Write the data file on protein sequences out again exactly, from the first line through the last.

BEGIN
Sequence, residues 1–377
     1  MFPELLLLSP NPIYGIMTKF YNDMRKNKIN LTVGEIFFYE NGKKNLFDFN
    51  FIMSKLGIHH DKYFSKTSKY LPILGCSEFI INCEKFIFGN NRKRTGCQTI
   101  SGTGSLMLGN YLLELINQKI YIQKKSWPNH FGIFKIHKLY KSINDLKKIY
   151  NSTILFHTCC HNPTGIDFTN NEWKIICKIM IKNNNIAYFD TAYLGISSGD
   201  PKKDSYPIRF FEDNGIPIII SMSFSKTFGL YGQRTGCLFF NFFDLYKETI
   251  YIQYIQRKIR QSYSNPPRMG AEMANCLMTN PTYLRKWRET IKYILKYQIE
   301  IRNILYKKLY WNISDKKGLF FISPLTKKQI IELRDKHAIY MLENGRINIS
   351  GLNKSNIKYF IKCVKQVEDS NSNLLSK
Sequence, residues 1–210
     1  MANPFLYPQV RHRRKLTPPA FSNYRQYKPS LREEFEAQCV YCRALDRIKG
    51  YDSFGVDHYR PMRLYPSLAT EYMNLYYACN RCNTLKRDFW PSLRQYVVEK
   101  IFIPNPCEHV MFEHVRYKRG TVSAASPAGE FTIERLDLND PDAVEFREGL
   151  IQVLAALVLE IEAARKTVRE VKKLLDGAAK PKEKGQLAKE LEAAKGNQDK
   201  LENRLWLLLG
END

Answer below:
Sequence, residues 1–377
     1  MFPELLLLSP NPIYGIMTKF YNDMRKNKIN LTVGEIFFYE NGKKNLFDFN
    51  FIMSKLGIHH DKYFSKTSKY LPILGCSEFI INCEKFIFGN NRKRTGCQTI
   101  SGTGSLMLGN YLLELINQKI YIQKKSWPNH FGIFKIHKLY KSINDLKKIY
   151  NSTILFHTCC HNPTGIDFTN NEWKIICKIM IKNNNIAYFD TAYLGISSGD
   201  PKKDSYPIRF FEDNGIPIII SMSFSKTFGL YGQRTGCLFF NFFDLYKETI
   251  YIQYIQRKIR QSYSNPPRMG AEMANCLMTN PTYLRKWRET IKYILKYQIE
   301  IRNILYKKLY WNISDKKGLF FISPLTKKQI IELRDKHAIY MLENGRINIS
   351  GLNKSNIKYF IKCVKQVEDS NSNLLSK
Sequence, residues 1–210
     1  MANPFLYPQV RHRRKLTPPA FSNYRQYKPS LREEFEAQCV YCRALDRIKG
    51  YDSFGVDHYR PMRLYPSLAT EYMNLYYACN RCNTLKRDFW PSLRQYVVEK
   101  IFIPNPCEHV MFEHVRYKRG TVSAASPAGE FTIERLDLND PDAVEFREGL
   151  IQVLAALVLE IEAARKTVRE VKKLLDGAAK PKEKGQLAKE LEAAKGNQDK
   201  LENRLWLLLG